Audiologists and Speech-Language Pathologists warn of learning problems associated with noise
Ottawa (October 1, 2007) - During a press conference on Parliament Hill today, the Canadian Association of Speech-Language Pathologists and Audiologists (CASLPA) alerted parents that a noisy classroom can affect a childs ability to learn.
With children back in school for a new year, audiologists and speech-language pathologists advise parents to be aware of the noise conditions in their childrens classrooms. Children, who primarily learn through listening, need a learning environment in which they can fully hear and understand the teachers instructions.
A newly released study found that many classrooms had poor quality acoustics and that children were often working in below standard classroom listening conditions (Rubin, Flagg-Williams and Aquino Russell, August 2007). Results from a Canadian Language and Literacy Research Network study show that one in six words is not understood by the average Grade 1 student due to excessive background noise and poor acoustics in Canadian classrooms.
It is essential for parents to know that noisy classrooms have the potential to negatively affect their childrens learning, particularly for children with learning disabilities, hearing loss or those learning in a second language, said Andr Lafargue, CASLPA audiologist from New Brunswick and more importantly, that acoustics in classrooms can be improved to maximize learning.
Speech-language pathologists warn teachers that under poor acoustic conditions, teachers adjust their speech in ways that contribute to voice strain. Studies demonstrate that teachers are over-represented in voice clinics compared to population statistics, comprising up to 25% of total voice clinic caseloads (Titze et al, 1997; Rammage, 2004; 2006). With ongoing vocal strain in poor acoustic conditions, teachers develop chronic voice problems such as muscle tension, hoarseness and vocal nodules. Although voice amplification systems can be helpful, it is critical to ensure that room acoustics, especially reverberation, are optimized before introducing sound field amplification. Teachers often must undergo voice therapy to solve their occupational voice problems.
Audiologists and speech-language pathologists remind parents and school officials that background noise in classrooms is more than just classmates chatter. Sources of noise and poor acoustics include:
Outside noise sources
- Vehicles, airplanes
- Voices (playground)
- Student activity
- Equipment: computers, projectors, fish tanks
- Reverberation (echo) of sound within the room due to hard surfaces (uncarpeted floors, walls)
- Neighbouring classrooms, hallways, gyms, music rooms
- Ventilation and heating/cooling systems
- Classroom lighting systems (i.e. fluorescent lights)
Helpful tips to improve classroom acoustics:
- Make an x-slit in tennis balls and place under the legs of chairs and tables in uncarpeted classrooms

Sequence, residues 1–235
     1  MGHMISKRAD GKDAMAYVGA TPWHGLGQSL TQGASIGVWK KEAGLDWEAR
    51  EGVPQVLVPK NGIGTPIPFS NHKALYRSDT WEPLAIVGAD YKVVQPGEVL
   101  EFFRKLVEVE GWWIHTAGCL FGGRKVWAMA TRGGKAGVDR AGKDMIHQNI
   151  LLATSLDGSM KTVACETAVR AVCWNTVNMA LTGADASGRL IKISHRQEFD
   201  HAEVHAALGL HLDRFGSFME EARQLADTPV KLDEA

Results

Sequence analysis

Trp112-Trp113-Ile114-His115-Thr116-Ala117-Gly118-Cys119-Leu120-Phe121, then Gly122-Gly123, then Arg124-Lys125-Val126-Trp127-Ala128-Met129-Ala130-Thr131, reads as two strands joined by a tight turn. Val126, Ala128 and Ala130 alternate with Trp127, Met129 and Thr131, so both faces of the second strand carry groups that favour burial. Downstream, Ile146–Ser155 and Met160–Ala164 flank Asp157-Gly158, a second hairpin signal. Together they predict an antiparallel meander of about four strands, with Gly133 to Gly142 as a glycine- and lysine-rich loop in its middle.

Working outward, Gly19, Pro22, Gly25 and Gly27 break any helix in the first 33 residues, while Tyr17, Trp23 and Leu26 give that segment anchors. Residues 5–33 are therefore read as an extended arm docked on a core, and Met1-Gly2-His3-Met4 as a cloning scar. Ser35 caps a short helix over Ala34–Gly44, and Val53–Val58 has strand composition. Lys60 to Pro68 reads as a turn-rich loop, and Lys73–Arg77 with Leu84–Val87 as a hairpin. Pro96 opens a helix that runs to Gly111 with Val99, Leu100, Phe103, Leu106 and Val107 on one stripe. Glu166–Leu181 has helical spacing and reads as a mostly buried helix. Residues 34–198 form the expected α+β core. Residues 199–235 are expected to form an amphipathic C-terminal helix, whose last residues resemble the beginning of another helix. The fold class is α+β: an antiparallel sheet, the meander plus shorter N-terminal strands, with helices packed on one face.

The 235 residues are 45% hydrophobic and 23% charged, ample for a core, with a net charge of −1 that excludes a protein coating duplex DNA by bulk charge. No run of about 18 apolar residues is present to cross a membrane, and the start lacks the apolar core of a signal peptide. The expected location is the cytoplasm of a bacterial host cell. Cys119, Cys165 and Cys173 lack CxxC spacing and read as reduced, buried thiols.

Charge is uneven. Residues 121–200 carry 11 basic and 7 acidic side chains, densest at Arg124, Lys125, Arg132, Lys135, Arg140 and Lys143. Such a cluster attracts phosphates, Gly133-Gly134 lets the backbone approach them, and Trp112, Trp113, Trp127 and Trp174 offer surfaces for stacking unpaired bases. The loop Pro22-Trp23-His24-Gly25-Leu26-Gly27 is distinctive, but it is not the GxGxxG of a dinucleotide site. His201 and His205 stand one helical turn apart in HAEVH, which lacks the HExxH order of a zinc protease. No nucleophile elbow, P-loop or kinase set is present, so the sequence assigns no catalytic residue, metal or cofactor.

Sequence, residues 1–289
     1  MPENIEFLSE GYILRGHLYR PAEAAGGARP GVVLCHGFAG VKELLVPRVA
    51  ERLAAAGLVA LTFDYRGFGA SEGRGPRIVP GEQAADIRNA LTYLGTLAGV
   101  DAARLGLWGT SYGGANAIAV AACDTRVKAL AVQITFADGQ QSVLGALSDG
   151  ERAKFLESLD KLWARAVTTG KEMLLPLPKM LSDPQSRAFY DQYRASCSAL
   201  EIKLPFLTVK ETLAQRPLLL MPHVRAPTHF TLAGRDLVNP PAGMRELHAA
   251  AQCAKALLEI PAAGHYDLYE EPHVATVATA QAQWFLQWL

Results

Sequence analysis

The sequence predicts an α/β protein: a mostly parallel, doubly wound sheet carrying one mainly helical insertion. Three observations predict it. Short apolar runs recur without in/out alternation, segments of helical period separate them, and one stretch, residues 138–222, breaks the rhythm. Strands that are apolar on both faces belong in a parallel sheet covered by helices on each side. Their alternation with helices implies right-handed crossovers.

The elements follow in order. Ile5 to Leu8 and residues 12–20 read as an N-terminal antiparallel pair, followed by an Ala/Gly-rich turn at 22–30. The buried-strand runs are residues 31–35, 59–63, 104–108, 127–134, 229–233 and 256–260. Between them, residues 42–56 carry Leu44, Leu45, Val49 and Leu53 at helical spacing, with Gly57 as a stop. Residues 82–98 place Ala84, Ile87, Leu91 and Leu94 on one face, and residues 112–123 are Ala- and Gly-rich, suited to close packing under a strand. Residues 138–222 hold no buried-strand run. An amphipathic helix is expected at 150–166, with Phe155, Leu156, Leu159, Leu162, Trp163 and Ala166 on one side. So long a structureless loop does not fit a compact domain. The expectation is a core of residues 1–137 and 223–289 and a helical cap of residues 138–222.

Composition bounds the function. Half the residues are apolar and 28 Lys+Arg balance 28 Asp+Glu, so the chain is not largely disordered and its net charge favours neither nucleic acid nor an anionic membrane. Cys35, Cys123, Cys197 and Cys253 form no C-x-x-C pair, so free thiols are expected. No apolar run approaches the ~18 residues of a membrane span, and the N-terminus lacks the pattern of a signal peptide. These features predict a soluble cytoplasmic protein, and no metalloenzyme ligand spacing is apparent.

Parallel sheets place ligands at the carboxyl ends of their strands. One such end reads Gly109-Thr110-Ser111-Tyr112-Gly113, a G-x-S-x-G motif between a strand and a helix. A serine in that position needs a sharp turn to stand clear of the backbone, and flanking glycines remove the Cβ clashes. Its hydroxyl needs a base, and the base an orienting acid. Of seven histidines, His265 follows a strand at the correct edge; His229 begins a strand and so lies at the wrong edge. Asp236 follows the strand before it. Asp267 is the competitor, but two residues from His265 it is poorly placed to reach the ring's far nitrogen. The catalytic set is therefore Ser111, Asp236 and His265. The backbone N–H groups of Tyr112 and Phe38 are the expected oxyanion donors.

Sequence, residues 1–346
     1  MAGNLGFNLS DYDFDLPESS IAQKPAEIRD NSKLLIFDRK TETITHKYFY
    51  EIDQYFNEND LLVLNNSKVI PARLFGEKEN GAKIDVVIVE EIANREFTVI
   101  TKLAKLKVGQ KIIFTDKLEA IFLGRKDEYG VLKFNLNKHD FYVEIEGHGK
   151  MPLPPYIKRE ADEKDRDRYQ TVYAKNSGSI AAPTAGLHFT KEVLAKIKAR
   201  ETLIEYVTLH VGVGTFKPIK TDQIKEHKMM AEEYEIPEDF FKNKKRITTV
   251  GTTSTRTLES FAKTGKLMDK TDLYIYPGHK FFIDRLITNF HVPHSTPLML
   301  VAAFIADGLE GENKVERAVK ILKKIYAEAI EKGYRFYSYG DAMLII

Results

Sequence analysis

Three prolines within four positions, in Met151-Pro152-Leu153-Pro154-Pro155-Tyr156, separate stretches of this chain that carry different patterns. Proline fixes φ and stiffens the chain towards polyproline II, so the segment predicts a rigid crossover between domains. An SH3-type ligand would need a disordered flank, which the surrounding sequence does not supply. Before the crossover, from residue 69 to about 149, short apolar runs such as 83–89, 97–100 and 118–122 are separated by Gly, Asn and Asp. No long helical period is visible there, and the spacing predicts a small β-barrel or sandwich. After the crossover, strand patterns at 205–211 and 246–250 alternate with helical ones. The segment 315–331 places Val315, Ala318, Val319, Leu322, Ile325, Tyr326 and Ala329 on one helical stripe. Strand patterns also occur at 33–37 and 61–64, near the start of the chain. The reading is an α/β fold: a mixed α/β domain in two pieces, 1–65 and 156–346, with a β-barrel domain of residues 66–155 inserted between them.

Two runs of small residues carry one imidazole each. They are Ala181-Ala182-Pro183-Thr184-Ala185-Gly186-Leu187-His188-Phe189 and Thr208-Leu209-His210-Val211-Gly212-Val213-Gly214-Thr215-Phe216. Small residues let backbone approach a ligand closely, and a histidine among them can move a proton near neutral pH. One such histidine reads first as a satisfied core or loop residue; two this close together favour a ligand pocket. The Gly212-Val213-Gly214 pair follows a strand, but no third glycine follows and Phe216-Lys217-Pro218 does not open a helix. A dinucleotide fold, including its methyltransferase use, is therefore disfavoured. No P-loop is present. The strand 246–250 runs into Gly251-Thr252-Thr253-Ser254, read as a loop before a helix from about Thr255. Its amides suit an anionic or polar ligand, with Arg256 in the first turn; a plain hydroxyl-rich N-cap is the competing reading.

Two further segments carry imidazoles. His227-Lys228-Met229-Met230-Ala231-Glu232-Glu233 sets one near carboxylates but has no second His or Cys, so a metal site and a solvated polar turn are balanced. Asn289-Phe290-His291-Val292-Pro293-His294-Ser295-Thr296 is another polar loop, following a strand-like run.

- Add hypo-allergenic carpeting and curtains
- When appropriate, soundfield amplification systems in the classroom can benefit students and the teachers vocal health
- Replace ballasts from noisy fluorescent light fixtures
- Fix loose or vibrating parts to reduce noise from heating/cooling and ventilation systems
- Move free-standing furnishings to break up sound reflections and isolate areas in large rooms
- Use suspended acoustic ceiling tiles, sound-absorbent panels on upper walls
- Add cork boards to walls
CASLPA President, Linda Rammage urged that all new schools should be built with consideration of classroom acoustics and existing schools should be assessed and improvements made to address acoustics.
CASLPA, with more than 5,000 members, is the only national body that supports and represents the professional needs of speech-language pathologists, audiologists and supportive personnel inclusively within one organization. Through this support, CASLPA champions the needs of people with communications disorders. Visit CASLPA at www.caslpa.ca
Audiologists are professionals who identify, diagnose (restricted in some provinces), treat, and manage individuals with peripheral and central hearing loss as well as balance problems. Audiologists determine appropriate patient treatment of hearing and balance problems by combining a complete history with a variety of specialized auditory and vestibular assessments. Based upon the evaluation, the audiologist presents, and may implement, a variety of treatment options to patients with hearing impairment or balance problems. Some audiologists dispense and fit hearing aids as part of a comprehensive aural rehabilitative program. Audiology services are integral to a number of comprehensive interdisciplinary assessment/treatment programs. Audiologists are also involved in prevention and research for hearing disorders.
Speech-language pathologists are professionals who are engaged in the prevention, identification, evaluation, assessment, diagnosis, counseling, treatment, management and education of communication and/or swallowing disorders and research in these areas. Communication disorders include disorders of speech, language, voice and fluency in individuals from all age groups. Speech-language pathologists work in various settings such as hospitals, schools, community health centers, nursing homes, childcare facilities, and in private practice. Speech-language pathologists help prevent and rehabilitate teachers with vocal strain and voice disorders.